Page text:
Luxury brands are often mocked, and with a high price of entry, it is only fair, especially when you see perfume ads whose storylines are so obscure to the point that it even called for its own Twitter handle. Or your typical watch ad with a celebrity looking into the horizon, and a watch. And that’s it.
How can luxury change the game? As mentioned earlier, the goal of any work should not be about winning awards, as the award circle is a system of its own, each with their own rules and politics. However, beyond awards, I believe luxury brands can push the boundaries further to create work that truly resonates with their audiences on a different level.
First of course, is cultural relevance. This is key, and we have seen some luxury brands evolving on that front as mentioned in a previous LS article, but while some brands embrace it, others have some work to do in this area. To really push themselves a bit further, I believe there are three rules: break from the category, be magical and bring storytelling to the core.
Don’t look at your competition. Look within, at what makes your brand what it truly is, and then build something unique. From Lanvin having models and Albert Elbaz dancing unexpectedly to Pitbull, to Kenzo creating an electric and bold film with Spike Jonze, these brands have broken outside their moulds, and dared to be different, taking their brands where no one was expecting them to and went outside their comfort zone. Kenzo World received more than 20 awards from Cannes Lions, WWD, Grand Prix Strategies du Luxe and Epica awards amongst others for their work and was definitely part of the cultural zeitgeist.
When brands take a very artistic approach, they can deliver something that is engaging just by its beauty, be it visual, audio, or experiential. Burberry and their Chief Creative Officer Riccardo Ticci came back into full force for the second year in a row with their collaboration with Megaforce and the dance collective (la)Horde (produced by RiffRaff films, is absolutely stellar in that sense.
And don’t miss last year’s film: This is a brand that is completely in tune with new behaviours, new audiences and that truly understands the power of creativity. This work is unique. powerful, modern, and refreshing. One might say that it wins only in the craft category because it doesn’t have a clear “concept” as defined in the advertising sense.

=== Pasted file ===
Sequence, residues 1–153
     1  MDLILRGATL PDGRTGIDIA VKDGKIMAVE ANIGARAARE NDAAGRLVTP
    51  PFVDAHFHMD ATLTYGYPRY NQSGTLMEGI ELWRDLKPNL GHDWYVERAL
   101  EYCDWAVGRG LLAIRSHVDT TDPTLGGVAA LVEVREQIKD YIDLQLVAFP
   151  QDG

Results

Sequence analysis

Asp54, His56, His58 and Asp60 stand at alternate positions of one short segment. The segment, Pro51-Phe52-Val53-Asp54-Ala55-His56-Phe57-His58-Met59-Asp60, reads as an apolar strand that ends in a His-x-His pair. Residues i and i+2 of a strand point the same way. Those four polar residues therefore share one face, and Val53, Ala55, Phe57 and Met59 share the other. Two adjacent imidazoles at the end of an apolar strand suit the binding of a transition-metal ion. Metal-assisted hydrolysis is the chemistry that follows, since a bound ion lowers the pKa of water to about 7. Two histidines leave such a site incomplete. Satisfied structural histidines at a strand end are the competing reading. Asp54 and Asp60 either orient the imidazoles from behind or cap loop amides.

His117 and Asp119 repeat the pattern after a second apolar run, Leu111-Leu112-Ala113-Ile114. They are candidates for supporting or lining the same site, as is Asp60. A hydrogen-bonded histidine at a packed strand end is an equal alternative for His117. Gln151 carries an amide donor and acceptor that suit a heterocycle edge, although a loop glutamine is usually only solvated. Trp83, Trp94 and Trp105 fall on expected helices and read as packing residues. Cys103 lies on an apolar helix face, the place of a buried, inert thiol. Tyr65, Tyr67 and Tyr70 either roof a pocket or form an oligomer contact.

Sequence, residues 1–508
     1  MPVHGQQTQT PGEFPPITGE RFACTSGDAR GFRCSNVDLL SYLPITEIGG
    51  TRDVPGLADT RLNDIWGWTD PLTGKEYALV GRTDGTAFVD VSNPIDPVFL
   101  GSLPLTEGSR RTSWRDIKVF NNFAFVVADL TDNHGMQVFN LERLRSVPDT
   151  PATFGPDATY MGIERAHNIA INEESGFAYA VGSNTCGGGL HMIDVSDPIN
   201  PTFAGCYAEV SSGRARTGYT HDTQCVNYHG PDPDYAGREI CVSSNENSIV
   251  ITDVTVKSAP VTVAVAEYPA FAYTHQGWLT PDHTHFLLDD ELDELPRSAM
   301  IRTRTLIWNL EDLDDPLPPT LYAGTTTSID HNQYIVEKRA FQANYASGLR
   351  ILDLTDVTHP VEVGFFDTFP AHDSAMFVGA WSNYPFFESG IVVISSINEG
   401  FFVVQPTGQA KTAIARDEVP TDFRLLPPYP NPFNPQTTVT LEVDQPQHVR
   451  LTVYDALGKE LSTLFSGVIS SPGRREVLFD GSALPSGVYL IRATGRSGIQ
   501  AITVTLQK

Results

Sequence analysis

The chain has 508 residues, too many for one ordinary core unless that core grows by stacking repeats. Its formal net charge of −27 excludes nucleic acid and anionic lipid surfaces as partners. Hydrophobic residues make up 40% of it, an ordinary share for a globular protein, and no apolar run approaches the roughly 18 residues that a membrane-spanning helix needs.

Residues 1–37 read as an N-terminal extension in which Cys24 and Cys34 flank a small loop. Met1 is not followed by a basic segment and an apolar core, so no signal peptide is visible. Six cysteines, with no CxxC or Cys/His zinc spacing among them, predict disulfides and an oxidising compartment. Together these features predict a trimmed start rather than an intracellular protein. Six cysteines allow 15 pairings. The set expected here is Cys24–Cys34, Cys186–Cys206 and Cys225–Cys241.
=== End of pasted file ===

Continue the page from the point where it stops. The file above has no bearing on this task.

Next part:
Judging the Cyber lions in 2008, we awarded a Gold to Uniqlo for Uniclock. It was music, entertainment, a service, and … a clock. It was using the power of digital and to put it simply: it was brilliant. Yet I remember a head of strategy at a big agency telling me on the street of Cannes after the award show: “I don't get it! What’s the idea? It doesn’t deserve to win an award.” And while true - I would be hard-pressed to write a clear headline for Uniclock…or for Burberry films for that matter - what these have in common is being unique, engaging, and refreshing. And definitely in tune with culture is what makes them stand out.
Lastly, I believe luxury brands have an opportunity to tell great stories. Not just documenting their savoir-faire, or through awkward scripts that are just primed to be spoofed, but about fiction, what will engage their audience, storylines with drama, a story arc, even some humour when done the right way.’
In addition, there is an opportunity to think about episodic formats, creating a rendezvous with the audience. While not in the same category, and with a story that is far from the luxury category, the Apple at Work films “The Underdogs” has created an episodic marvel.
And while luxury benefits from staying away from the fictionalised product demo of Apple, nothing forbids them to tell stories in such format and be true to their DNA. Not just “brand content’, but great content that tells some brands truths and that people are not just exposed to, but that they will seek.
To conclude, luxury brands, like any other brands, should never be doing work for the sole purpose of being recognised at award shows like Cannes Lions. And certainly not push for campaigns centred around issues like social justice, equality, or the environment if they don’t have the credentials to back it up (which unfortunately seems to be the case for many Cannes winners).
However, when they push the boundaries of creativity, and embrace the unexpected, the magical and new forms of storytelling, while staying true to their brand, nothing should stop them from winning at these award shows, should they decide to participate more in it. Something I’d like to see.